Reid rejects GOP call for health repeal vote via cybersecurity bill

Senate Majority Leader Harry ReidHarry ReidDraft House bill ignites new Yucca Mountain fight Week ahead: House to revive Yucca Mountain fight Warren builds her brand with 2020 down the road MORE (D-Nev.) on Tuesday rejected Minority Leader Mitch McConnellMitch McConnellSchumer blocks one-week stopgap funding bill Overnight Finance: Dems explore lawsuit against Trump | Full-court press for Trump tax plan | Clock ticks down to spending deadline Hundreds of former EPA employees blast Trump on climate change MORE's (R-Ky.) call for a vote this week to repeal the Affordable Care Act via an amendment to the cybersecurity bill.

“I try to be very calm about things in life generally, but I can’t remain very calm about this,” Reid said on the floor in response to McConnell’s request. “I just can’t imagine what we’re talking about on the floor here ... cybersecurity is the most important issue of our time ... and now we’re here being asked if we can have a vote with cybersecurity on contraception for women.”

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McConnell asked Reid to allow a repeal vote on the president's healthcare reform law as an amendment to the Cybersecurity Act after Reid touted new rules requiring insurance companies to cover contraception for women and certain preventative care.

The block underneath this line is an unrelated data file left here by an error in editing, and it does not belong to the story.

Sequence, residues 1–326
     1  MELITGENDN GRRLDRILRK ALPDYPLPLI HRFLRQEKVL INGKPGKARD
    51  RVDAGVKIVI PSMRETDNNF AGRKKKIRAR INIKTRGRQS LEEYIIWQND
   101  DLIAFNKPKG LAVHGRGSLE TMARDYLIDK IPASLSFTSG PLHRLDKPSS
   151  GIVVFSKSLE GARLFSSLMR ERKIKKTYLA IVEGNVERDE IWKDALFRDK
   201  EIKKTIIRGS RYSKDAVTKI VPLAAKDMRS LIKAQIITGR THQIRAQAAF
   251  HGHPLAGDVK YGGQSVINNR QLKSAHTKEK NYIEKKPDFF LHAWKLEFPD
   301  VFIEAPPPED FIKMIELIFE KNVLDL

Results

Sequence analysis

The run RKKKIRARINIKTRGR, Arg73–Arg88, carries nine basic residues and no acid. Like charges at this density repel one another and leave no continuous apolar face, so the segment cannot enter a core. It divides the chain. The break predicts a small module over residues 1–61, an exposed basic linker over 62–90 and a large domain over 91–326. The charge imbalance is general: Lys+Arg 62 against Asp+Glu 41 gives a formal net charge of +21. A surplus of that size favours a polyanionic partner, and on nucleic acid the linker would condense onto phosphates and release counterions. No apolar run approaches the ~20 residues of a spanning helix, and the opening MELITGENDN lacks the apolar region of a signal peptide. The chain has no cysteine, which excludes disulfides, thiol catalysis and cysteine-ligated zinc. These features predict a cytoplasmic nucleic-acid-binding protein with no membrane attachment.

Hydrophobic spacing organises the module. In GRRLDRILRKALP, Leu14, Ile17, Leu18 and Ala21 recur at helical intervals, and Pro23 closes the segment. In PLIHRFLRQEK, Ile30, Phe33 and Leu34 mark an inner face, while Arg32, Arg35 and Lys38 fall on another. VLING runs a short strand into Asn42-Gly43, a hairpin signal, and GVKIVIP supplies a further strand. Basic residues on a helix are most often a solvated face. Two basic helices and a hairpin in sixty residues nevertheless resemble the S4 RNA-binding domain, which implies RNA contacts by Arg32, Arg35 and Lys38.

“This landmark piece of legislation signaled an end to discrimination ... especially against those who are women,” Reid said on the floor. “Being a woman is no longer a preexisting condition.”

Reid said starting Wednesday, insurance companies would be required to cover contraception expenses for women and not raise costs for such services under the Affordable Care Act.

McConnell responded that if Democrats wanted to talk about those issues on the floor, it “might be a good idea to have a vote on it” during the amendment process on a bill this week.

Rebuffing the request, Reid said he wanted it to be on the record that he had “a big smile” on his face while McConnell asked for the amendment vote.

“I don’t think women getting contraception has a thing to do with cybersecurity,” said the Democratic leader.

McConnell said he’d take that answer as a “no.” The GOP senator has attempted to force a healthcare repeal vote on several bills during amendment negotiations to no avail.